2
+100

If you want to use only one method to handle every events you can create an abstract class that handle the redirection.

This way, you will only have to implement this method to handle everything.

public abstract DroneEventAdapter implements DroneEventListener {
    public abstract void eventOccured(EventObject event);

    @Override
    public void temperatureMeasured(EventObject event) {
        eventOccured(event);
    }

    @Override
    public void pressureMeasured(EventObject event) {
        eventOccured(event);
    }

    @Override
    public void disconnectEvent(EventObject event) {
        eventOccured(event);
    }

    @Override
    public void connectEvent(EventObject event) {
        eventOccured(event);
    }

    // Etc.
}

If what you need is to only implement some of the events and not have empty stubs for everything else, you can create an abstract class implementing every event with an empty method. It is called an "Adapter" and is pretty frequent in the JDK (see MouseMotionListener and MouseMotionAdapter for example).

When extending this class you will be able to override only the events you want to support.

public abstract DroneEventAdapter implements DroneEventListener {
    @Override
    public void temperatureMeasured(EventObject event) {}

    @Override
    public void pressureMeasured(EventObject event) {}

    @Override
    public void disconnectEvent(EventObject event) {}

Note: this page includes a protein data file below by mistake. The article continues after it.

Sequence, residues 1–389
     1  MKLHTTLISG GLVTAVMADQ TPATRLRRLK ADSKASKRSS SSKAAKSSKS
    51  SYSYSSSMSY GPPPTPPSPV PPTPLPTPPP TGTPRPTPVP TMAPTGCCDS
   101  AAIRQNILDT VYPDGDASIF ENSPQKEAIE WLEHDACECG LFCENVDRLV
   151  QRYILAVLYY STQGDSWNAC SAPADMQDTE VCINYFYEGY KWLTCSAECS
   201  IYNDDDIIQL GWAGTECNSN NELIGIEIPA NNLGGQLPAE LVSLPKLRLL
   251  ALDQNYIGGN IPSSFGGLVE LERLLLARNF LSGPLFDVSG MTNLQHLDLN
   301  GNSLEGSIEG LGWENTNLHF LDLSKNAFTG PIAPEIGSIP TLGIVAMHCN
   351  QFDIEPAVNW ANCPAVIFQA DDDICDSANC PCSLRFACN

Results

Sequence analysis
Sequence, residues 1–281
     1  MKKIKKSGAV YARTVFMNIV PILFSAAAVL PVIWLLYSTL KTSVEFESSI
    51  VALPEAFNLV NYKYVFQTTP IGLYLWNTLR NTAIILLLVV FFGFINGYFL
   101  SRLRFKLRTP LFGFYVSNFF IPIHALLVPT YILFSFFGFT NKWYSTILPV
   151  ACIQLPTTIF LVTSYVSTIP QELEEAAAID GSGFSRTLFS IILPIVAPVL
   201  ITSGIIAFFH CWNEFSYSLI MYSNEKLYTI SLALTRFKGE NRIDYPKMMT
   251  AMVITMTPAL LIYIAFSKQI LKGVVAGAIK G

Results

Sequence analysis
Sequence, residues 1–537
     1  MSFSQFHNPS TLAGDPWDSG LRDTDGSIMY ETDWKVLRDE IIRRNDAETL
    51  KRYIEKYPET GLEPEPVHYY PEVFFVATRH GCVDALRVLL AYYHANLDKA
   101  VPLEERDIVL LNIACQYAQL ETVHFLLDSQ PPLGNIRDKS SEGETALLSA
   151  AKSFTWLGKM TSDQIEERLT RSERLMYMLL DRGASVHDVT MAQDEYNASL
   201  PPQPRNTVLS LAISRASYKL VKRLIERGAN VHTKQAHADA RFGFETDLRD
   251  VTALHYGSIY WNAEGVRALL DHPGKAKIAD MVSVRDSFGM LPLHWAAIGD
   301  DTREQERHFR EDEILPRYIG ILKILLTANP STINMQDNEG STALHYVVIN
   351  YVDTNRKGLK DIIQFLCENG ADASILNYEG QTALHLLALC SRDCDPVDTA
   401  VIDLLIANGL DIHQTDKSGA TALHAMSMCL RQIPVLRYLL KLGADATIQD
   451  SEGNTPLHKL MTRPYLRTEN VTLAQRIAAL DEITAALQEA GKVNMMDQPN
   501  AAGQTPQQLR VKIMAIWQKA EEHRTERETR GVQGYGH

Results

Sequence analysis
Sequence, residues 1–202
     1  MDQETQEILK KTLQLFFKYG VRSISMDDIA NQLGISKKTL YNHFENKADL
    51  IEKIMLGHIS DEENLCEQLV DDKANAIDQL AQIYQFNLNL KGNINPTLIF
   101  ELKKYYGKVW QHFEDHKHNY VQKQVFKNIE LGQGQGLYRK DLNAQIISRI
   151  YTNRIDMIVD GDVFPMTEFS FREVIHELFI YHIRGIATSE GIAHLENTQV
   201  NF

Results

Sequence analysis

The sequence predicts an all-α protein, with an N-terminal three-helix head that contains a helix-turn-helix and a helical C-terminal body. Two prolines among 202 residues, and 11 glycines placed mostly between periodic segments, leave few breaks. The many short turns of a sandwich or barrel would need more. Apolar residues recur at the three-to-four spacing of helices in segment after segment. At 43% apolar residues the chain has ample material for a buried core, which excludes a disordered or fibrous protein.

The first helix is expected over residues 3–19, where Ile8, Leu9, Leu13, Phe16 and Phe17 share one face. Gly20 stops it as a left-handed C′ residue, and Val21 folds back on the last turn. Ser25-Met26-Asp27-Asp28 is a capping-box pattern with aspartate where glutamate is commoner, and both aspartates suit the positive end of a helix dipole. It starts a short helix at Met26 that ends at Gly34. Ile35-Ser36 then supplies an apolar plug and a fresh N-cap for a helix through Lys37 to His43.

@Override
    public void connectEvent(EventObject event) {}

    // Etc.
}
|improve this answer|||||
  • I just cannot believe there is no other way. Why are there no single-method listeners in Java? even if I only wanted a mouse release listener, I'll have to implement 5 other methods. this is too stupid – phil294 Jul 20 '15 at 10:50
  • @Blauhirn Instead of implementing a MouseListener you can extend a MouseAdapter and override its mouseReleased(...) method. This way it looks as if you were implementing a single-method listener. – Raphaël Jul 20 '15 at 15:21
2

You can't split the DroneEventListener, but you can have it delegate its event handling to a different object for each sensor.

class SplittingListener implements Drone.DroneEventListener {
    public void adcMeasured(java.util.EventObject event) {
        adcProbe.heyAThingHappened(event);
    }
    public void altitudeMeasured(java.util.EventObject event) {